Please note: Evangelical Christian Academy now has a new name and look: Evangel Christian Academy. Read more here.

Guest Blogger:  Pam Gergen, 1st Grade, ECA

Looking back over the years, I can honestly say I have always wanted to be a teacher since my Kindergarten year…decades ago.  I remember how each of my elementary teachers always had their rooms organized, neat, decorative but not chaotic and always had that one thing that was really special about their classroom.  My favorite was my 2nd Grade classroom…Mrs. VanRochel had instilled a love of reading in me, and I could not get enough of the Boxcar Children books!  In part due to the delightful replica of the Boxcar Children scene she had created right in the middle of our reading corner—complete with miniature figurines and a toy train boxcar!

When I began teaching at ECA ten years ago, my daughter had outgrown her “animal print” décor in her room so I adopted the theme in my classroom—The Jungle!  Where kids were wild about learning!  I had every imaginable animal print décor item that would even impress Martha Stewart—from toys to pillows to stuffed animals to blankets to large palm trees!  Oh, what fun it was to decorate each year.

But as the years went on I realized that the heart of the classroom was not what theme I had nor the décor I had adorned the room with that year.  The heart of the classroom was God.  And I realized that my classroom needed to reflect that more openly without distraction.  As delightful as it was to walk into my “jungle” classroom, I realized that it was becoming more of a distraction from the students’ learning and their ability to concentrate.  I had gotten caught up in putting the atmosphere of creative and fun decorations as the center of the classroom rather than emphasizing God as the center of the classroom.  Do not misunderstand, God was always at the center of all of our discussions weaved throughout all our subjects during the day.  But I wanted to convey more of God in the atmosphere of my classroom as well—declutter, reorganize, and let the ambiance of the classroom emit the essence of God—a God of order. 1 Corinthians 14:33 reminds us that “God is not a God of disorder but of peace…” And as much as the monkey/jungle theme was near and dear to my heart, it seemed to create an atmosphere of fun and frolic and wildness….not exactly what I wanted to deal with every day when I wanted the students to focus and learn to love learning and see the truth, beauty, and goodness of all that God created.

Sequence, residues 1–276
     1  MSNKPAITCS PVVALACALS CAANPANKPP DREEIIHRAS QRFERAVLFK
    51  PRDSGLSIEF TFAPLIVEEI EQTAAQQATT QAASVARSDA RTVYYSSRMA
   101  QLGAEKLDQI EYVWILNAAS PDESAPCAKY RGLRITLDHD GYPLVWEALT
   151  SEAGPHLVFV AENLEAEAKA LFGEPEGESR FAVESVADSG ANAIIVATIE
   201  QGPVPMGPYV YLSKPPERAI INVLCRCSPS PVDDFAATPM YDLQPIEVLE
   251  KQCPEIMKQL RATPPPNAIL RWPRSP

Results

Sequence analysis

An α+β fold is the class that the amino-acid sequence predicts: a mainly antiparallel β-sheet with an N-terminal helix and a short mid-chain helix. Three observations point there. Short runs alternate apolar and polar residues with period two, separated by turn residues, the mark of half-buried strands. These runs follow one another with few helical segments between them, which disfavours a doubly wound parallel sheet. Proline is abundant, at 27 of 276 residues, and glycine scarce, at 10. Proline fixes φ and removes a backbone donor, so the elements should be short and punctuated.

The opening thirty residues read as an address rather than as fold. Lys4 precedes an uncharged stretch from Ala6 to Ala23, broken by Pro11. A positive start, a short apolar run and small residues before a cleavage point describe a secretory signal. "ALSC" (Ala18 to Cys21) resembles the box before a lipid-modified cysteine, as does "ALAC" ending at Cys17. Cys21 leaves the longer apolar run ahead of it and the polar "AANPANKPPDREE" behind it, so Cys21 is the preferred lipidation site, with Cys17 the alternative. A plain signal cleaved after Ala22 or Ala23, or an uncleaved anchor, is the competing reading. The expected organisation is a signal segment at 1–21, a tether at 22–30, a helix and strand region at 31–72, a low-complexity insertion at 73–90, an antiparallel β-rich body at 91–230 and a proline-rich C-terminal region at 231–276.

This summer before the school year began, I worked on transforming my classroom into a peaceful, tranquil classroom with neutral colors, soft lighting, and an atmosphere of clean, neat, organized counters, tables, desks, and shelves.  Along with bulletin boards that enhanced the atmosphere of calmness rather than inducing a frolicking, frivolous monkey mayhem feelingJ

But, most importantly, from the very start of the school year, I have been discussing and emphasizing with the students how important it is to strive to have Jesus in our heart so that God can be the center of our classroom.  And once we put God as the center of our classroom and minimize the distraction of the environment around us, we as teachers can focus on and seek to nurture the whole student and help them see the integration of all subjects in God’s world.  And we can help the students see that God is at the center and that all knowledge is governed by Him.

Ensuring that God is the center of our classrooms allows us to teach the students to love God by learning about the world as God’s universe, designed by His creative mind, governed by His laws, and sustained by His providential guidance.  We can help the students to look for evidence of God’s design in all subjects, even math and language.  Students can discover the logic of His universal natural laws as they study science and His unfolding plan as they encounter history.  And they encounter His creativity in music, art, and literature.

Even though that tiny Boxcar Children display started me on the path of pursuing education all those years ago, for me, the true learning in our Christian classroom today is for the students to begin to gain that knowledge of God as manifested in literature, math, science, and the fine arts so they can praise God, our Lord and Savior.  They are then able to worship God not just with their hearts and souls but with their minds.  And it is our hope as teachers and parents that they will then go forth and impact others for God’s glory.